- Paperback: 432 pages
- Publisher: Arkana; New edition edition (29 Sept. 1988)
- Language: English
- ISBN-10: 0140190309
- ISBN-13: 978-0140190304
- Product Dimensions: 12.8 x 1.8 x 19.8 cm
- Average Customer Review: 4.3 out of 5 stars See all reviews (56 customer reviews)
- Amazon Bestsellers Rank: 120,884 in Books (See Top 100 in Books)
In Search of the Miraculous: Fragments of an Unknown Teaching Paperback – 29 Sep 1988
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About the Author
Peter D. Ouspensky (born March 4, 1878– died October 2, 1947) was a Russian esoteric philosopher known for his expositions of the early work of the Greek-Armenian teacher of esoteric doctrine George Gurdjieff, whom he met in Moscow in 1915. He was associated with the ideas and practices originating with Gurdjieff from then on. In 1924, he separated from Gurdjieff personally, but his own recorded words on the subject ("A Record of Meetings," published posthumously) do not clearly endorse this judgement nor does Ouspensky's emphasis on "you must make a new beginning" after confessing "I've left the system", just before his demise. While lecturing in London in 1924 he announced that he would continue independently the way he began in 1921. All in all, Ouspensky studied the Gurdjieff System directly under Gurdjieff's own supervision for a period of ten years, from 1915 to 1924. Ouspenky's book In Search of the Miraculous is a recounting of what Ouspensky learned from Gurdjieff during those years. --This text refers to an alternate Paperback edition.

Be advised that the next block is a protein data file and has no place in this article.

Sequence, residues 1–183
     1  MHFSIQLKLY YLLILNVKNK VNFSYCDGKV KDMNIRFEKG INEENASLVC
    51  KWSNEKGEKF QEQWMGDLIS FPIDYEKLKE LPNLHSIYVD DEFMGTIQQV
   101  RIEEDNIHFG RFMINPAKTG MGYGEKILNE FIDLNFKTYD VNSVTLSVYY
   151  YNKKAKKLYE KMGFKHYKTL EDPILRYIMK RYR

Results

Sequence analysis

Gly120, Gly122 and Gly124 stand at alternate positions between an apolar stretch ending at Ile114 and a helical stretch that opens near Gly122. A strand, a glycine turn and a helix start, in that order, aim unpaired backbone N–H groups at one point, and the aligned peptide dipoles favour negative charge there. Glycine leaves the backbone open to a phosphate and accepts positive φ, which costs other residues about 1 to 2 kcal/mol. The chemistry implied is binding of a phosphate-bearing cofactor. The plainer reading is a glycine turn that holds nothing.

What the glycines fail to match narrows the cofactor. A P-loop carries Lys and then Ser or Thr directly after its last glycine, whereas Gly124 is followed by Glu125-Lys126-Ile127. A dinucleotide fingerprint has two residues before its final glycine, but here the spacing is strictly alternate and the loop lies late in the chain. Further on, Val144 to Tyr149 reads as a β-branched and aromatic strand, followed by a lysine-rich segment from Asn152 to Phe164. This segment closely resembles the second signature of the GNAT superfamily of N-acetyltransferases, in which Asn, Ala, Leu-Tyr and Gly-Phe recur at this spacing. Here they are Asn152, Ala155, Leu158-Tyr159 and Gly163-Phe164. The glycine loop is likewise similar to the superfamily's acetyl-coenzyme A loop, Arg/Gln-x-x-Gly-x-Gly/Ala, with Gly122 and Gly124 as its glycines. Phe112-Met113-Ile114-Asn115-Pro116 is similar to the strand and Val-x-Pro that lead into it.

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Top Customer Reviews
The teacher of this system was G.I.Gurdjieff. The origins of both the man and his teaching are obscure, and Gurdjieff did his best to make the teaching itself obscure to the point of absurdity. The reason for this, as stated in the introductory chapter of Gurdjieff's own book, 'All and Everything,' was to shake up our habitual thinking, to prevent the ideas being simply amalgamated with our habitual ways of thought. Gurdjieff having achieved this, it fell to Ouspensky to untangle the system again and present it for the modern mind. This he achieved not merely by an intellectual effort, but by verifying the system in himself. This book records the unfolding of the teaching almost in the style of a novel.
It is in this book that Ouspensky states most clearly one of the core ideas of the fourth way system: 'we do not remember ourselves.' Contrary to all our usual assumptions, we do not possess consciousness. Ouspensky's achievement of this initial and very humbling realisation is recorded with great candour. Yet this is the foundation of all that follows: a programme for the psychological and spiritual development of human beings.
In the opinion of this reviewer, this book, together with the much more intellectual 'The Psychology of Man's Possible Evolution,' are Peter Ouspensky's greatest books. They contain insights, obvious to those who have studied the system seriously, which remain entirely absent from mainstream psychology and philosophy.
Gurdjieff teaches self-awareness through self observation. Notice that you notice, ask what is doing the noticing and then remember that point which notices in each and every moment. Then you will begin to function as a person rather than a thing which responds only to internal and external stimuli.